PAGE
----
Hubby and Wife combo in the double David and Rachael Symington stayed in Sync together which is tough in those conditions and managed to finish only a couple of mins behind Pete’s time. Liz Kerr took the win though she was convinced to get out by Alan her father to have a crack even though she hadn’t trained much in the off season…these sessions make you tougher.

Plenty of battles amongst friends for bragging rights.

The TOCC 6man crews battled hard with different lines selected and the results show only a few mins separate them.

Darren Wall, Glenn Nooroa and John Horan were the top 3 Outriggers in the long course with Angela Cooper as the first female OC1.



In the End the Barge beat us by a lot BUT I think its because the rough day meant their passengers needed a faster ride to stop feeling sick…check the results for the full breakdown.


Short course

Well you would think a simple paddle in the protected “duck pond” behind large rock walls would be uneventful and a flat water paddle, well it wasn’t at all. The wind came in hard over the walls and stirred up an almost perfect downwind / upwind scenario for the short coursers whilst eliminating the large swells you would expect on the outside…

A couple of long course drop outs joined the short course and had some amazing hard and fast racing ‘crit style’ .

Ian Anderson went out like a bull at a gate leading short course from start to finish with Clinton luxford trying to keep within reach for the entire race. Some paddlers went off a little more sedate to gauge themselves and brought the last half of the race harder using the 4 laps to get an idea of the speed…one such paddler was Hans Preuss who managed to claw back a few spots from lap 2 ad brought himself into 3rd overall.

Sue Creece took the win in the womens short course though she actually started behind the eventual 2nd placed Maureen O’Connor.



Stand up paddling was a hoot to watch with Marvin giving us all a masterclass on how its done… the wind really did kick up and on a Sup you are a lot more exposed to it. Marvin took long powerful strokes into the wind turning his body in an efficient manner, he actually was keeping up with some f the skis which sit much lower.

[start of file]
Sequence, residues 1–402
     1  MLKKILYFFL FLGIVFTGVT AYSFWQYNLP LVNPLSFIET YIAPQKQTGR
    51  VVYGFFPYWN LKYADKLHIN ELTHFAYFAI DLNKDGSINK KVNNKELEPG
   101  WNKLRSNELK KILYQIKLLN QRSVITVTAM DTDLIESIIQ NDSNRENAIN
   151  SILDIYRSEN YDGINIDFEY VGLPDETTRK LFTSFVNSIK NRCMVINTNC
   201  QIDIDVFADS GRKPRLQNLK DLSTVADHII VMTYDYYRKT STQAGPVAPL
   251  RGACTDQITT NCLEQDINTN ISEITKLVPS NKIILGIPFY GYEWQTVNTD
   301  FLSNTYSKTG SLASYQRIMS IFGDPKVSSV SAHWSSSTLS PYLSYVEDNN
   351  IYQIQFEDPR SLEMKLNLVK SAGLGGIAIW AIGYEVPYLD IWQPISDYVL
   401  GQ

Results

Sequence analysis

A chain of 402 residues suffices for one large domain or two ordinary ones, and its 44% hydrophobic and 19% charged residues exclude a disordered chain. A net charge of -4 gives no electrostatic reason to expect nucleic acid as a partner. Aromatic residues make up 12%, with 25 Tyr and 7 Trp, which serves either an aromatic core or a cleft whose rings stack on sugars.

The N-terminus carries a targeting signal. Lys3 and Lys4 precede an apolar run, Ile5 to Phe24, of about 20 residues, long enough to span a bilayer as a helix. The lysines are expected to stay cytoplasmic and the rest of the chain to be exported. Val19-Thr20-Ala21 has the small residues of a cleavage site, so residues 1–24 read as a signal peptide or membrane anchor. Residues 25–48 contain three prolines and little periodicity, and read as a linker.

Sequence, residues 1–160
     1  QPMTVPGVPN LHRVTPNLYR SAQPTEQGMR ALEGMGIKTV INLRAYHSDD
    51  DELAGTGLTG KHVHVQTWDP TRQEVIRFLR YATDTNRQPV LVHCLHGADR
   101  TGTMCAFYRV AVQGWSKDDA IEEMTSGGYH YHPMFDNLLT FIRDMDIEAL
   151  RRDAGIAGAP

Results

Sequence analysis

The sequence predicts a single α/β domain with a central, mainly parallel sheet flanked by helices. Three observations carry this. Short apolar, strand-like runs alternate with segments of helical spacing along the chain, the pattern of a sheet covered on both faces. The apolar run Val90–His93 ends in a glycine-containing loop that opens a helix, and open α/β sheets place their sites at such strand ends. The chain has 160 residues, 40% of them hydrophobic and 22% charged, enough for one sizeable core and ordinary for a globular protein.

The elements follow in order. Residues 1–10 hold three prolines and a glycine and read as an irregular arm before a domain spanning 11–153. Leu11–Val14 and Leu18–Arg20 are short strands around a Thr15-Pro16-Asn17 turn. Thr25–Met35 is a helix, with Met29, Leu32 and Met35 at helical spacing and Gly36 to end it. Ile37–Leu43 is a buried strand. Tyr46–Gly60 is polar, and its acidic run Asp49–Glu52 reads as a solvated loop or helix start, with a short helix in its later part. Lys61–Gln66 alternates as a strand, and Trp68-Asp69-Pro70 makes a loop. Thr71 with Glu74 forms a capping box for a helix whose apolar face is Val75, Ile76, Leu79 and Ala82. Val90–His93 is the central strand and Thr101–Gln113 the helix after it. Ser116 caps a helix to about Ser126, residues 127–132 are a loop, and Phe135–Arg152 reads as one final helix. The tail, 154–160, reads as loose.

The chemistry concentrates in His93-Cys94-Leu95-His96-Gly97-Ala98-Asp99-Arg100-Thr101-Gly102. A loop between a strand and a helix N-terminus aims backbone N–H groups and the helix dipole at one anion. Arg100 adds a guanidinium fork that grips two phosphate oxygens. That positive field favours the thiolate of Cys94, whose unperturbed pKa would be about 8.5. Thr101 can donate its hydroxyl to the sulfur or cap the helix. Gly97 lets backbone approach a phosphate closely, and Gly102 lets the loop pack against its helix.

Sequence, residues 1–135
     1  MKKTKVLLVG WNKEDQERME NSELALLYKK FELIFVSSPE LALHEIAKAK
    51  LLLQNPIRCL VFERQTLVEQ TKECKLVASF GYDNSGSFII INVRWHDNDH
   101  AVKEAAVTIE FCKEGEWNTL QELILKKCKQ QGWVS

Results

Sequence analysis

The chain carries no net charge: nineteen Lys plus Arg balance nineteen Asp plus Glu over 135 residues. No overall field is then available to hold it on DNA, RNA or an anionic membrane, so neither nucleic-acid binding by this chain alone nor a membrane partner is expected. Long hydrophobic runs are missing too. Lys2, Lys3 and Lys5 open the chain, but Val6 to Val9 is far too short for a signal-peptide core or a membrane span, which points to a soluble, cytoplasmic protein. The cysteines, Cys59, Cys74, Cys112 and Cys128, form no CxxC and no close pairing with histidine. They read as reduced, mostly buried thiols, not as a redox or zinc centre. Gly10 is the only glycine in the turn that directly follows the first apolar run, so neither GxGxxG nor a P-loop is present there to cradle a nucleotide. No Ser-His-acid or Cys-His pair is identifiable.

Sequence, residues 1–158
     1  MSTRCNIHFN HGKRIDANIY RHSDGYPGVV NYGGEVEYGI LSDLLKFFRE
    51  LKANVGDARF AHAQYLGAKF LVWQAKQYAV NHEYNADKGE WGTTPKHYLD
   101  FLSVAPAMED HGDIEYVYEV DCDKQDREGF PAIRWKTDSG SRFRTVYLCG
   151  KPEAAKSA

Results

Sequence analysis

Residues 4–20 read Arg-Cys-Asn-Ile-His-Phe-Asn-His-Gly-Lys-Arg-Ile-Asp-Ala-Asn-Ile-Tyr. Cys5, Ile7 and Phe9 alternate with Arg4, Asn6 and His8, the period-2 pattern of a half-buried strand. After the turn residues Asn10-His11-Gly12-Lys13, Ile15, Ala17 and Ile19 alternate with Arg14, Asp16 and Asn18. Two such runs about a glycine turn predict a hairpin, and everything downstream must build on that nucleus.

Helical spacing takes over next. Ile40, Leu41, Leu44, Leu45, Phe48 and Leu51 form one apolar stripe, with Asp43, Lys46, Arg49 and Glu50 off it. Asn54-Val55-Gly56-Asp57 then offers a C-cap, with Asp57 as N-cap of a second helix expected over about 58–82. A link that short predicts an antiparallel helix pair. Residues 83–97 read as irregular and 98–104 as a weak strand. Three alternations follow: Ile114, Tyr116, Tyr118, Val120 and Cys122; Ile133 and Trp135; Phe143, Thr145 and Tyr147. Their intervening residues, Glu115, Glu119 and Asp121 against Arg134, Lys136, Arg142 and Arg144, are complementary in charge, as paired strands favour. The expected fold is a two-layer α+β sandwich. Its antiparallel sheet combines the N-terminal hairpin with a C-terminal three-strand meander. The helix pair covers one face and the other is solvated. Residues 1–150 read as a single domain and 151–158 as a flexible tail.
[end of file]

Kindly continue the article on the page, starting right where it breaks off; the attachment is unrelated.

Malo and Matt were neck and neck for 2nd and a sprint at the end saw only a couple of seconds between them with Malo Just edging out Matt.

Fiona Chandler took the win in the Womens Sup short course with 2 of the female Suppers pulling the pin before complete their 2 laps. (it is hard to balance on a SUP when its wavy/ windy and takes time to build up the balance and confidence to be able to take on a few km of racing) Well done Fiona for sticking it out and we hope the rest of the female Sup crew keep at it in training so they can truly show what they can do. One thing I really loved to see was a SUP paddler who embraced the conditions and got on his chest paddling like a surf board for the upwind legs to go more aerodynamic (smart move mate!)


With a couple of DNS juniors who didn’t make it to the start line Robbie Finmore was the leader for the kids race.



We look forward to seeing you at the next event March 17th for the Pallarenda to Saunders Downwinder and the short course at Saunders beach. The Short course will be an out and back into the wind so you will be able to practice your surfing.

In the meantime start to train in various conditions so you are ready for anything, remember to always use your safety gear, pfd and leashes etc and always plan for a worst case scenario in training ensuring you paddle with a friend and advise someone of your plans and if possible have a phone with waterproof case for if plans change.

We have a great series planned for you with Heaps of favourite paddles leaning towards downwinders for the most of the long courses. We will also be finding some of the best paddlers we can to come to the events to give you fresh competition through the year. In the end its really all about finding great spots to paddle and having awesome experiences in both training and Competition days to try and get the best from yourself.